idea 2 counterex guided refinement1
Idea 2: Counterex.-Guided Refinement

Solution

Use spurious counterexamples

to refine abstraction

1. Add predicates to distinguish

states across cut

2. Build refined abstraction

Imprecision due to merge

iterative abstraction refinement
Iterative Abstraction-Refinement

Solution

Use spurious counterexamples

to refine abstraction

1. Add predicates to distinguish

states across cut

2. Build refined abstraction

-eliminates counterexample

3. Repeat search

Till real counterexample

or system proved safe

[Kurshan et al 93] [Clarke et al 00]

[Ball-Rajamani 01]

lazy abstraction
Lazy Abstraction

Yes

BLAST

Safe

Abstract

CProgram

Refine

No

Property

Trace

problem abstraction is expensive
Problem: Abstraction is Expensive

Reachable

Problem

#abstract states = 2#predicates

Exponential Thm. Prover queries

Observe

Fraction of state space reachable

#Preds ~ 100’s, #States ~ 2100 ,

#Reach ~ 1000’s

slide23

Solution1: Only Abstract Reachable States

Safe

Solution

Build abstraction during search

Problem

#abstract states = 2#predicates

Exponential Thm. Prover queries

slide24

Solution2: Don’t Refine Error-Free Regions

Error

Free

Solution

Don’t refine error-free regions

Problem

#abstract states = 2#predicates

Exponential Thm. Prover queries

key idea reachability tree
Key Idea: Reachability Tree

Initial

Unroll Abstraction

1. Pick tree-node (=abs. state)

2. Add children (=abs. successors)

3. On re-visiting abs. state, cut-off

1

2

3

Find min infeasible suffix

- Learn new predicates

- Rebuild subtree with new preds.

5

4

3

key idea reachability tree1
Key Idea: Reachability Tree

Initial

Unroll Abstraction

1. Pick tree-node (=abs. state)

2. Add children (=abs. successors)

3. On re-visiting abs. state, cut-off

1

2

3

6

Find min infeasible suffix

- Learn new predicates

- Rebuild subtree with new preds.

4

7

5

3

3

Error Free

key idea reachability tree2
Key Idea: Reachability Tree

Initial

Unroll

1. Pick tree-node (=abs. state)

2. Add children (=abs. successors)

3. On re-visiting abs. state, cut-off

1

2

3

6

Find min spurious suffix

- Learn new predicates

- Rebuild subtree with new preds.

4

7

8

5

8

3

1

1

3

Error Free

S1: Only Abstract Reachable States

S2: Don’t refine error-free regions

SAFE

build and search
Build-and-Search

Example ( ) {

1: do{

lock();

old = new;

q = q->next;

2: if (q != NULL){

3: q->data = new;

unlock();

new ++;

}

4:}while(new != old);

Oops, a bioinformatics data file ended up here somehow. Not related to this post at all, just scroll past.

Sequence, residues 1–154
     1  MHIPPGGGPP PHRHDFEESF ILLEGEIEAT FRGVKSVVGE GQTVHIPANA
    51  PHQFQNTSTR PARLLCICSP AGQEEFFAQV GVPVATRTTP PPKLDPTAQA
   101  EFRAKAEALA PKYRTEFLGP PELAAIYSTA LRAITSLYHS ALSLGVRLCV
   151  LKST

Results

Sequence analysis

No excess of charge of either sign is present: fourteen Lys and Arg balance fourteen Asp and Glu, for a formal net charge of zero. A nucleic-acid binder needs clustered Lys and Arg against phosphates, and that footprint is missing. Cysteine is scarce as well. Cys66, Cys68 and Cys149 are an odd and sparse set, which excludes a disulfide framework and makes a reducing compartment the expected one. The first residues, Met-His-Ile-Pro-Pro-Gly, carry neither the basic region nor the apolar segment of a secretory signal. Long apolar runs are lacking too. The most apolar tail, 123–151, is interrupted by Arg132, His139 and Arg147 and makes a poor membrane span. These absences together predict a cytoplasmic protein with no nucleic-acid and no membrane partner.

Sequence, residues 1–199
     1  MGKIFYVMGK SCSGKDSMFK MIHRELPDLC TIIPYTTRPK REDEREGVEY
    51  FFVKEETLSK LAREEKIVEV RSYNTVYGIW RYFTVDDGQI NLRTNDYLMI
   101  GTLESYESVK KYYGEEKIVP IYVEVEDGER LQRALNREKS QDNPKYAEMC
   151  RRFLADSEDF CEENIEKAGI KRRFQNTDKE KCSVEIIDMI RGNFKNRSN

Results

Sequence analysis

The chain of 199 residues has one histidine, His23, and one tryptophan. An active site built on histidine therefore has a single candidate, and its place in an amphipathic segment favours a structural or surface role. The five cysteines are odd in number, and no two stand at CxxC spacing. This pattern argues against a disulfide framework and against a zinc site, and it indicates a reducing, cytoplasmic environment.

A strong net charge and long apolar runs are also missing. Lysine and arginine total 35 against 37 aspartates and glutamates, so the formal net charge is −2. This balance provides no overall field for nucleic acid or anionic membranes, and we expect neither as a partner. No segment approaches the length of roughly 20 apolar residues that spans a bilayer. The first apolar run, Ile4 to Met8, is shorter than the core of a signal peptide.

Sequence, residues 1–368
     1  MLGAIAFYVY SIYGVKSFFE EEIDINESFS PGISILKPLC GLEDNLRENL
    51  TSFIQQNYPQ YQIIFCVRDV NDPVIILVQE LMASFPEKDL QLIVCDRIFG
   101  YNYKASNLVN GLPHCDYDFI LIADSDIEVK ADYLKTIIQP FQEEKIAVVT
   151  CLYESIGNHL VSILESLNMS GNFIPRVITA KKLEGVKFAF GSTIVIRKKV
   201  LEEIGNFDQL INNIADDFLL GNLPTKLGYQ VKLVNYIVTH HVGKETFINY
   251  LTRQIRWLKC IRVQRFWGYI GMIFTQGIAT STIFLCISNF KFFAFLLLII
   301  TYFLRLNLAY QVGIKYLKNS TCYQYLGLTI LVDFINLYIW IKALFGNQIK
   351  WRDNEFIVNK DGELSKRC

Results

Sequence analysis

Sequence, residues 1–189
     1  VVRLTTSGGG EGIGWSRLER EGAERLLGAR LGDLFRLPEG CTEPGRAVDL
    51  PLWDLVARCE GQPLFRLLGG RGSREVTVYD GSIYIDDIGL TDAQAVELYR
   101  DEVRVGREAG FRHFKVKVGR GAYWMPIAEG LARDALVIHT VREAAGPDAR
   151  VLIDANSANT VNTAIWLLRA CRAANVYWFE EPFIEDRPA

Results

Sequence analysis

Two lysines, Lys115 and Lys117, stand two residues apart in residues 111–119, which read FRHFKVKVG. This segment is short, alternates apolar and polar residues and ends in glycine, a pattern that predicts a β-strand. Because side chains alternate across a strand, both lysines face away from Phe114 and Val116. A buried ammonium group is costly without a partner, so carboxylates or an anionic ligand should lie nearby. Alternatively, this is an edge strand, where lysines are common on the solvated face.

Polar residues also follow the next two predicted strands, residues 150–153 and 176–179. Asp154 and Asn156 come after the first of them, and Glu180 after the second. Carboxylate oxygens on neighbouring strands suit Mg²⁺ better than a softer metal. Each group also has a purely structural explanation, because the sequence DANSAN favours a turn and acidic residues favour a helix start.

5: unlock ();

}

1

: LOCK

1

Reachability Tree

Predicates:LOCK

build and search1
Build-and-Search

Example ( ) {

1: do{

lock();

old = new;

q = q->next;

2: if (q != NULL){

3: q->data = new;

unlock();

new ++;

}

4:}while(new != old);

5: unlock ();

}

1

: LOCK

lock()

old = new

q=q->next

2

LOCK

1

2

Reachability Tree

Predicates:LOCK

build and search2
Build-and-Search

Example ( ) {

1: do{

lock();

old = new;

q = q->next;

2: if (q != NULL){

3: q->data = new;

unlock();

new ++;

}

4:}while(new != old);

5: unlock ();

}

1

: LOCK

2

LOCK

[q!=NULL]

3

LOCK

1

2

3

Reachability Tree

Predicates:LOCK

build and search3
Build-and-Search

Example ( ) {

1: do{

lock();

old = new;

q = q->next;

2: if (q != NULL){

3: q->data = new;

unlock();

new ++;

}

4:}while(new != old);

5: unlock ();

}

1

: LOCK

2

LOCK

3

LOCK

q->data = new

unlock()

new++

4

: LOCK

4

1

2

3

Reachability Tree

Predicates:LOCK

build and search4
Build-and-Search

Example ( ) {

1: do{

lock();

old = new;

q = q->next;

2: if (q != NULL){

3: q->data = new;

unlock();

new ++;

}

4:}while(new != old);

5: unlock ();

}

1

: LOCK

2

LOCK

3

LOCK

4

: LOCK

[new==old]

5

: LOCK

5

4

1

2

3

Reachability Tree

Predicates:LOCK

build and search5
Build-and-Search

Example ( ) {

1: do{

lock();

old = new;

q = q->next;

2: if (q != NULL){

3: q->data = new;

unlock();

new ++;

}

4:}while(new != old);

5: unlock ();

}

1

: LOCK

2

LOCK

3

LOCK

4

: LOCK

5

: LOCK

5

unlock()

4

: LOCK

1

2

3

Reachability Tree

Predicates:LOCK

analyze counterexample
Analyze Counterexample

Example ( ) {

1: do{

lock();

old = new;

q = q->next;

2: if (q != NULL){

3: q->data = new;

unlock();

new ++;

}

4:}while(new != old);

5: unlock ();

}

1

: LOCK

lock()

old = new

q=q->next

2

LOCK

[q!=NULL]

3

LOCK

q->data = new

unlock()

new++

4

: LOCK

[new==old]

5

: LOCK

5

unlock()

4

: LOCK

1

2

3

Reachability Tree

Predicates:LOCK

analyze counterexample1
Analyze Counterexample

Example ( ) {

1: do{

lock();

old = new;

q = q->next;

2: if (q != NULL){

3: q->data = new;

unlock();

new ++;

}

4:}while(new != old);

5: unlock ();

}

1

: LOCK

old = new

2

LOCK

3

LOCK

new++

4

: LOCK

[new==old]

5

: LOCK

5

Inconsistent

4

: LOCK